This week’s trail cam feature.
Archive for the ‘Carnivorans’ Category
I estimate the bear was on film less than a half hour after I set the camera.
I have never seen this bear or any other bear in person on this access road, so they must be very good at reading people.
Which is wise.
Black bears are known for their intelligence, and this one tries to avoid walking in the mud where it would leave tracks.
Also, it’s very easy to see how a black bear could give someone the idea for bigfoot. Like humans, bears are plantigrade. Their heels touch the ground when they walk.
So if anything could give you an idea of wild man living in the forest, it would be one of these stealthy black bears.
Buoyed by the bear that came out on the trail cam this week, I set out a fresh bait of sardines.
And I got a gray fox on the camera last night.
Gray foxes are actually the last survivors of a lineage of North American dogs that diverged from the rest of the dog family 9 to 10 million years ago.
They aren’t really “foxes” in the same way red foxes, arctic foxes, and swift foxes are.
The gray fox, which I think should just be called Urocyon (their genus name, which means “tailed dog,” a very apt name!), are ecologically like the European wildcat. They live on small mammals, birds, and reptiles, and unlike other dogs, readily to take to the trees to forage for food and avoid predators.
Finding a gray fox here means that I probably won’t be getting any red foxes on the camera. Gray foxes dominate reds, and coyotes eat them. With coyotes and gray foxes in the same area, my guess is that no red fox could live here without constant persecution.
Just a raccoon out frogging:
And this little creature:
This documentary is about coyotes that have red wolf features and possible ancestry in East Texas. He could have gone with that angle and made me giddy.
Instead, well, you’ll see:
So red wolves speak of the creator?
But wait a minute…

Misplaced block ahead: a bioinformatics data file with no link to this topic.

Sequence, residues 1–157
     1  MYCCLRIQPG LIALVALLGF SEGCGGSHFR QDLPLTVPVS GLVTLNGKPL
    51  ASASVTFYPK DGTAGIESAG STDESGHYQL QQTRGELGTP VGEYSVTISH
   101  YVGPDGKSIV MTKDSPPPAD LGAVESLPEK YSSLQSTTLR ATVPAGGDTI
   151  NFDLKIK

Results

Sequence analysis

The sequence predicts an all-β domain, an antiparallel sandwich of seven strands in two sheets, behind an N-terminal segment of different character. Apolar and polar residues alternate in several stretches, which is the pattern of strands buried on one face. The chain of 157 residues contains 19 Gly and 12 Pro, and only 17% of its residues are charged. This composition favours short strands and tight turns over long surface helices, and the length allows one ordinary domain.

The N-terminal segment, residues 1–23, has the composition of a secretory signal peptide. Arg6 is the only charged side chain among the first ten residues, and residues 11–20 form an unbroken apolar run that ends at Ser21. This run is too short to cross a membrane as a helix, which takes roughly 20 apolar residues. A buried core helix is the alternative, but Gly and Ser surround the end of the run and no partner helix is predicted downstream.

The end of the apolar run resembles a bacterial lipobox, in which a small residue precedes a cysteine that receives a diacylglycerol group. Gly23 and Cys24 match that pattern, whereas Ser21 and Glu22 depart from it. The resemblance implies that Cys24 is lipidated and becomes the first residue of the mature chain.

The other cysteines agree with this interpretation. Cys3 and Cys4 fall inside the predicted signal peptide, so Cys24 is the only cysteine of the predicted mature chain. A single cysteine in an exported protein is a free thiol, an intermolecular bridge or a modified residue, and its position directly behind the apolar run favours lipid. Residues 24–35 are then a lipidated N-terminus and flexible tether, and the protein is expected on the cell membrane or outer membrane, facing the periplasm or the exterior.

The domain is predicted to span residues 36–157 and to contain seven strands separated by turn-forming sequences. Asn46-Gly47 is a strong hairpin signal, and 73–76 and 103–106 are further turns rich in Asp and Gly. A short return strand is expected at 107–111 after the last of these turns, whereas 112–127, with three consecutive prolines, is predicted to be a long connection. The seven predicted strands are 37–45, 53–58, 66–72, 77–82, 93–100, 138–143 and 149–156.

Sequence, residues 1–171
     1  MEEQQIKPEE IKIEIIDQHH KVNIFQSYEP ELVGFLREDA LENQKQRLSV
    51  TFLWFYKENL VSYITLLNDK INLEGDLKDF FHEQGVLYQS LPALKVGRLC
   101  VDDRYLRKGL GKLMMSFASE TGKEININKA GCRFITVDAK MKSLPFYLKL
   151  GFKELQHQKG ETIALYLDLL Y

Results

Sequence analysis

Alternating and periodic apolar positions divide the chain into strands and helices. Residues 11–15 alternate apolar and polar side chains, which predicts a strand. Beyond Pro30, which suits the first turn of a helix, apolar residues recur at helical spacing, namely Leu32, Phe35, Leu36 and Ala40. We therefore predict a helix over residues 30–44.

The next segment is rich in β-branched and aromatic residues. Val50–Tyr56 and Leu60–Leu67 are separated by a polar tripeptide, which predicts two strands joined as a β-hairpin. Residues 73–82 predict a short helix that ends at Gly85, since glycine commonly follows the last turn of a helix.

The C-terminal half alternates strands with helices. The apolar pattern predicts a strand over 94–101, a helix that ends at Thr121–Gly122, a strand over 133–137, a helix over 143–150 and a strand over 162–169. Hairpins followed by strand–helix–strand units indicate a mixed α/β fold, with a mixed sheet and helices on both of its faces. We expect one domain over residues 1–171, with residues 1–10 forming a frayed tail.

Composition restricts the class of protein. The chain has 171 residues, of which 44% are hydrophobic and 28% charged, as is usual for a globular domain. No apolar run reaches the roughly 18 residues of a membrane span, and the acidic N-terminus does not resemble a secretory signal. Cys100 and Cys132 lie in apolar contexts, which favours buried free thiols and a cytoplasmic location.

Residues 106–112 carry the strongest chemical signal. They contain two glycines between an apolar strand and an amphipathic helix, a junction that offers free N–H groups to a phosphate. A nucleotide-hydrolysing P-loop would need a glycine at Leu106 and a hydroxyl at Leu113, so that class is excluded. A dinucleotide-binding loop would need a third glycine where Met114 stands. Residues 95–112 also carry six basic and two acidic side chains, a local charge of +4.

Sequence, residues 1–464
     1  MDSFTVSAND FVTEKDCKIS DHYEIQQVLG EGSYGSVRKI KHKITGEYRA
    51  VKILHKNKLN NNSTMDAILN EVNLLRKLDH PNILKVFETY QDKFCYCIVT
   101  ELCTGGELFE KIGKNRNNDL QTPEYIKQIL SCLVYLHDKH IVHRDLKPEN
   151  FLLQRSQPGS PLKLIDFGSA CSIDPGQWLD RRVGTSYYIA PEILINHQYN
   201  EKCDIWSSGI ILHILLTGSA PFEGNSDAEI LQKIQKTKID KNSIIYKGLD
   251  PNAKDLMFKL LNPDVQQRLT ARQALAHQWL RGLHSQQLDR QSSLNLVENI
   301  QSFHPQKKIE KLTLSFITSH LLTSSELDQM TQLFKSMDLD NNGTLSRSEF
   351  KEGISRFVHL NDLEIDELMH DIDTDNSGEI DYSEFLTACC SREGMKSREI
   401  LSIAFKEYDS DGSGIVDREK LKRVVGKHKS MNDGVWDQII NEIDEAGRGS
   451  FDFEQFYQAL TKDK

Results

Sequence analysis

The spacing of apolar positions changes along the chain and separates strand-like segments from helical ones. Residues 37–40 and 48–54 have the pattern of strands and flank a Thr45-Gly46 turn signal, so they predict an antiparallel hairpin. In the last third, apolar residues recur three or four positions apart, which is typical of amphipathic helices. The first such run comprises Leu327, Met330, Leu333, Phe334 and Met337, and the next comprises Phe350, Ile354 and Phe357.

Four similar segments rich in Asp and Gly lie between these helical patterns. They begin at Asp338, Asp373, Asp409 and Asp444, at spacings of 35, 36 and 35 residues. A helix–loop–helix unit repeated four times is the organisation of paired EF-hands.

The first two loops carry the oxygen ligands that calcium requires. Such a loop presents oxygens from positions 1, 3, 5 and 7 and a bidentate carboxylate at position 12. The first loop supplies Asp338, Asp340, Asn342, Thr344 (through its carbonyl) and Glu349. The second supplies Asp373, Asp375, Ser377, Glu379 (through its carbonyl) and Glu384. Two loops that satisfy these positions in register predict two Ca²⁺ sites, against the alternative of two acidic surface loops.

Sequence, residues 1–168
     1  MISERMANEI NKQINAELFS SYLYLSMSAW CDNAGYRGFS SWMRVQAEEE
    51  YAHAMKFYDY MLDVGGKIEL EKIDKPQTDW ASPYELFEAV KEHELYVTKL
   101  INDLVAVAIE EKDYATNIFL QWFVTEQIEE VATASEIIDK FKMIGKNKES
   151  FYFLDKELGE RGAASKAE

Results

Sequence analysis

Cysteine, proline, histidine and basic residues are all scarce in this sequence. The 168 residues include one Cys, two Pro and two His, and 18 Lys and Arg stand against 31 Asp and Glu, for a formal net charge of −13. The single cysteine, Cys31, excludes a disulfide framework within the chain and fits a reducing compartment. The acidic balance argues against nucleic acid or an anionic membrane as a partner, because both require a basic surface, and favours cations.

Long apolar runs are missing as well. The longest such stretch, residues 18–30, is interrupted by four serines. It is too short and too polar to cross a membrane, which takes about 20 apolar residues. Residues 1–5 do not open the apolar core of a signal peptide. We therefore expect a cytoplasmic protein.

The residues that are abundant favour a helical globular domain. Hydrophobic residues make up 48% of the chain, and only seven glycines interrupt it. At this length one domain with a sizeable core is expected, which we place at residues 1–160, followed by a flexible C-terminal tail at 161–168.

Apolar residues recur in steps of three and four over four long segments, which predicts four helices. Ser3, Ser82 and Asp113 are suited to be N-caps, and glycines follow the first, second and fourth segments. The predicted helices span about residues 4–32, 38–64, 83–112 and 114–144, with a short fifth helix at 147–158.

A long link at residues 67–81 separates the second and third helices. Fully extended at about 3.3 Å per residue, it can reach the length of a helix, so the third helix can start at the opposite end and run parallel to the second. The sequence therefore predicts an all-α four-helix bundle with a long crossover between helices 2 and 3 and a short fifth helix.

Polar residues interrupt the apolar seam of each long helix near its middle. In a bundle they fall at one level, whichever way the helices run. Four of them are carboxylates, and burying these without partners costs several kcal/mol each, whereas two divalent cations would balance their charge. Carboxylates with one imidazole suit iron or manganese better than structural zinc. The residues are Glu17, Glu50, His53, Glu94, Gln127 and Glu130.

There is a huge debate about what a red wolf is. The best genetic study I’ve seen on them suggests they are recent hybrids between a relict population of Southeastern wolves Canis lupus wolves) and coyotes. What made the red wolf was not God Almighty but the extinction of the subtropical American wolf, which was almost always black in color.
Everything about Canis speaks of evolution. Not only do we have the hybrid red wolf, but we have hybrids between golden jackals and African wolves (Canis lupus lupaster) in sub-Saharan Africa. Eastern coyotes also have a lot of wolf and dog ancestry.
Hybrid zones and muddled areas between species are exactly what we expect if there were common descent among similar species.
They are distinct species but they simply haven’t diverged enough from each other to lose chemical interfertility.
The whole red wolf debate is actually about evolution from this perspective.
I lean toward it not being a distinct species at all but a really recent hybrid. I don’t think proponents of its unique species status have produced enough evidence to suggest that is not a hybrid. Hybridization is extremely common in Canis species, and this seems much more parsimonious than the claim that it’s an ancient North American wolf– a living fossil or whatever else.
Plus, the DNA says it’s not. And by that I mean large samples of DNA, not microsatellites or just mtDNA evidence, which is actually all they have.
But the hybridization of Canis in the East is producing a new form of coyote. This is a canid that comes in many more colors, thanks to the sprinkling dog in its ancestry and much more able to hunt large quarry thanks to the bit of wolf blood coursing through its veins.
These are the questions that make wolves and their kin interesting.
But unfortunately, we didn’t get that here.
Plus, everyone knows that the Bible hates wolves. It was written by ancient herdsmen, whose livestock suffered under wolf depredations. It’s not an ecology book in the least.
European settlers killed wolves on this continent under the auspices of ridding it of a Satanic force. Wolves did prey upon man in feudal Europe, and our ancestors came here with a strong fear of the lupine.
Chester Moore and I grew up in very similar environments, but I’m glad my parents and grandparents were interested in Darwin. My dad got me watching Sir David Attenborough documentaries.
I am glad that I am comfortable with nature as it is.
Every time I look at a dog’s eyes, I see evolution.
Every time I look at a flying bird, I see a dinosaur.
I see every reason to accept the modern Neo-Darwininian synthesis. It’s all around me.
I don’t see any reason why I should accept the Bible– or any holy book– as true.
But that’s just me.